If you’re reading this, you’re probably preparing to contribute a piece of video for one of our worship services or some other project we’re creating.  Thanks for taking a few minutes to familiarize yourself with these tips to help you produce the best possible shots for our different productions.

1. Orient your shot as a “landscape” and not as a “portrait.”

A horizontal orientation will allow your video fit full screen into our videos.  A vertical orientation leaves blank space on either side of your video when viewed on a tv or monitor.

2. Use a tri-pod.

No matter how steady you think your hands are, nothing is as steady as a tri-pod. You can even stabilize your phone on a table, counter, stack of books, etc.

3. Don’t use the phone’s digital zoom.

Don’t zoom in!

Just move your camera closer to get the best framed shot. Unless you have the latest version of an iPhone, your zoom function will make your video pixilate. We can use our editing software to zoom in closer if need be.

4. Use plenty of light.

Video footage from a phone will look best when you shoot with lots of light. If you’re shooting indoors, adding supplemental lighting will go a long way. Turn on all the lights you can find.

5. Hold up something white.

A goofy way to start.

Like a blank piece of paper. Our editors will be able to color balance the various different clips all being assembled from a variety of settings. This will make the combined video look like it was shot with the same camera for a more cohesive story.

6. Leave time before you start talking… and at the end.

This will give our editors room to work for titles, transitions, etc.. After you put away your white piece of paper, don’t start talking immediately after pressing “record” – maybe count to five in your head. And once you’ve finished talking, just let the recording continue – again, count to five in your head.

7. Use Google Drive to share your video files with us.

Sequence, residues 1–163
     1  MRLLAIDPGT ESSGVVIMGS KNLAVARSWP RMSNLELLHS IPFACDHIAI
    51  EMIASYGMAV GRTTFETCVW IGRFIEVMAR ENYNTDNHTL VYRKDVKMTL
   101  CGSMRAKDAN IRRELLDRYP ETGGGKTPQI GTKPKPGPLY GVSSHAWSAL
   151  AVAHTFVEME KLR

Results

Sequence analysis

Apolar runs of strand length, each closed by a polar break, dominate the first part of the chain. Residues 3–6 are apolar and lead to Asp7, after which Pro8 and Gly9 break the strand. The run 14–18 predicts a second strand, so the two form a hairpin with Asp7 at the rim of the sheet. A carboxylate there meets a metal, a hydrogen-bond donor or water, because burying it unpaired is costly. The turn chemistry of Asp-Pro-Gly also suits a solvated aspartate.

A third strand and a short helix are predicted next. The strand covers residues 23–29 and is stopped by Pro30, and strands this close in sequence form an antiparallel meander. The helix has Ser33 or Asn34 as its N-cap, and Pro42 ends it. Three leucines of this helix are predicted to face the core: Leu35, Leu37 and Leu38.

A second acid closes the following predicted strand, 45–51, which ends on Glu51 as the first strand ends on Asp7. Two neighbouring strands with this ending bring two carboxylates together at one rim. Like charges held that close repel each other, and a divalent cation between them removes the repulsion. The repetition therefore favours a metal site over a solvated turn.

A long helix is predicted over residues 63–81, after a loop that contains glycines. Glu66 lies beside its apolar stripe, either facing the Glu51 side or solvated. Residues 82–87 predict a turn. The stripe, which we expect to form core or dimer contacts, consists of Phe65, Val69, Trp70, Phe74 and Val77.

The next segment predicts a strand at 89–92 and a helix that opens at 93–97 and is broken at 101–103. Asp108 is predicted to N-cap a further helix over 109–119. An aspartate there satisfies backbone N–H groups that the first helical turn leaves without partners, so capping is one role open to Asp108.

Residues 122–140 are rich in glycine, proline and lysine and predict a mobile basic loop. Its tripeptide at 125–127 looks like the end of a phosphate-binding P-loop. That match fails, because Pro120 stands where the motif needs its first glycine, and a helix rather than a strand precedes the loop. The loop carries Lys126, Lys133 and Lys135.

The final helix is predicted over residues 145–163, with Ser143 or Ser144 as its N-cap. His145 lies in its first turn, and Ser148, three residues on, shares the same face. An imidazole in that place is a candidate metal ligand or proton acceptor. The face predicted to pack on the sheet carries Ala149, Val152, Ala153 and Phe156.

This does require that you have a Google account (they’re free). Even short video files can be too large to easily send over text or email. Uploading them to a shareable cloud-based location like Google Drive is a great way to preserve the higher resolution of your video. Here’s a video tutorial on how to use Google Drive:

And… these last two tips are not necessary but are very helpful.

8. Use the “Exposure Lock.”

How to use Exposure Lock

Many phones will automatically focus and expose your shot. This can be a great function for quick photos, but when you’re shooting a video of one person talking to the camera, it can really complicate things. The phone tends to keep adjusting and refocusing, which can lead to jittery-looking footage. That’s why we recommend using the exposure focus lock. This will help to keep the focus and exposure constant throughout your shot.

9. Get your microphone close to the subject.

A general rule for clear audio is to get your microphone as close to your subject as possible. When you’re shooting video with a phone, it’s best to position a second phone, if you have one available, directly above the subject’s head to record clean audio. Creating a simple voice memo will do the trick! Pro Tip: Clap once at the beginning of each take to create a reference point for syncing the good sound from the voice memo with the bad sound from the video recording.

Thanks for reading – have fun making your video!

Some of the content, including the videos, for this post was found here.